Says Congress Would Still Have Power Over What FAA Could
Do With Fee Revenue
In a telephone conversation with Aero-News last week,
representatives with the Federal Aviation Administration rebuked
many of the points presented by the Alliance for Aviation Across
America, in that group's rebuttal to the FAA's policy document released April
23 on the subject of user fees. Over the next several
days, ANN will present those arguments, and the FAA's contrasting
position on each issue.
As Aero-News reported, the
Alliance states the FAA's funding plan will strip Congress of its
ultimate power to control appropriations for the agency. FAA
Economist David Weingart confirms Congress would not be responsible
for setting specific fees... but he adds Congress would still have
significant power over how much of that money the FAA could
"It is true that Congress would not be involved in setting the
user fee rates, per se," Weingart told ANN. "Under the legislation,
those would be set by the FAA in conjunction with the stakeholder
board. However, the proposal is also very clear that the entire FAA
budget, including the user fee revenue, would be subject to
congressional appropriation -- which effectively gives Congress the
power to set the total amount of revenue we could collect through
"It is true they wouldn't be able to say what the rate-per-mile
would be, or the rate for landing at a particular airport,"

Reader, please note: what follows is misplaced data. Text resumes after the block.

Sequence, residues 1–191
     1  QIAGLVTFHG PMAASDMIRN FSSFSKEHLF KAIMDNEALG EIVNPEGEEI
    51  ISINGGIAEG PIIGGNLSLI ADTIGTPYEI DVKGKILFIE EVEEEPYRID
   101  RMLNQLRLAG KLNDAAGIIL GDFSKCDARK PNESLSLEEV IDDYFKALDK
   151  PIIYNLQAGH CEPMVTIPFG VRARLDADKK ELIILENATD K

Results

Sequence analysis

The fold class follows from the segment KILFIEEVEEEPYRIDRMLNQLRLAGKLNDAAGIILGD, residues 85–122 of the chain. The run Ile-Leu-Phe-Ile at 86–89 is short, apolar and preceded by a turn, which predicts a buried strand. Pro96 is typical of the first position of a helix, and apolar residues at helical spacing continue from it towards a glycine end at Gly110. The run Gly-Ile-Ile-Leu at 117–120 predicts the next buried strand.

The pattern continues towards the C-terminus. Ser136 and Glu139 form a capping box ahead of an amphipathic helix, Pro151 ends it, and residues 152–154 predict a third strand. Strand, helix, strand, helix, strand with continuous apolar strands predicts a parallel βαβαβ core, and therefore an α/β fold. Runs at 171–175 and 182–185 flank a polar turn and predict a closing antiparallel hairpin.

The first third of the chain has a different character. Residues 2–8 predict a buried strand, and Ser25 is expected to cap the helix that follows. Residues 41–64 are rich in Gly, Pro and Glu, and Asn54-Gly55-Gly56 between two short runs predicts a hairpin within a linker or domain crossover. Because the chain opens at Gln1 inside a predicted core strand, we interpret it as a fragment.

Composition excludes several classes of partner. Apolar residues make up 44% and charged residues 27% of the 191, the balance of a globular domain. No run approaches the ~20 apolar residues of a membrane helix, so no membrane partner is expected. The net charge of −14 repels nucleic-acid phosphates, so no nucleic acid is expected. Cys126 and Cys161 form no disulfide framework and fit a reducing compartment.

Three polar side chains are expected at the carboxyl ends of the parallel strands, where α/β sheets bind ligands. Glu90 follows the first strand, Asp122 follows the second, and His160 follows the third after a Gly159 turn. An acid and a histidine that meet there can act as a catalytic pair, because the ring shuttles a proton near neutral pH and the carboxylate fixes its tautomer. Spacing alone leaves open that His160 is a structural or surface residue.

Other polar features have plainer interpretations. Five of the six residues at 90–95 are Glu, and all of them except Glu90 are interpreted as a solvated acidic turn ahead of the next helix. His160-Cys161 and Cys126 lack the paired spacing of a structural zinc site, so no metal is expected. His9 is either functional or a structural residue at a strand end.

Weingart continued, "but they could say the FAA can only collect
$10 billion, or $9 billion, etc. through user fees."
As for the Alliance's
contention that airlines would not in fact pass on tax savings to
their passengers -- but would rather reap the full benefits from
tax breaks (the group cites a 2004 warning to Congress from the
Government Accountability Office to that effect), Weingart said
that's up to the marketplace, essentially.
"There's a lot of debate among economists on who bears the
burden of a tax, and what businesses might do compared to consumers
in this type of situation," Weingart admitted. "Ultimately, this
will be determined by the competitive market."
Weingart also points out the GAO study the Alliance cites "has
several caveats in it" -- including the fact many of the GAO's
numbers were from 1996, before low-cost carriers had gained a
significant foothold in the market.
"Today, as you know, the low-cost carriers have a much more
significant presence and have much more significant influence over
the entire industry than they did a decade ago," he said, implying
that competitiveness would keep fares down.
Coming Friday... Do User Fees Really Damage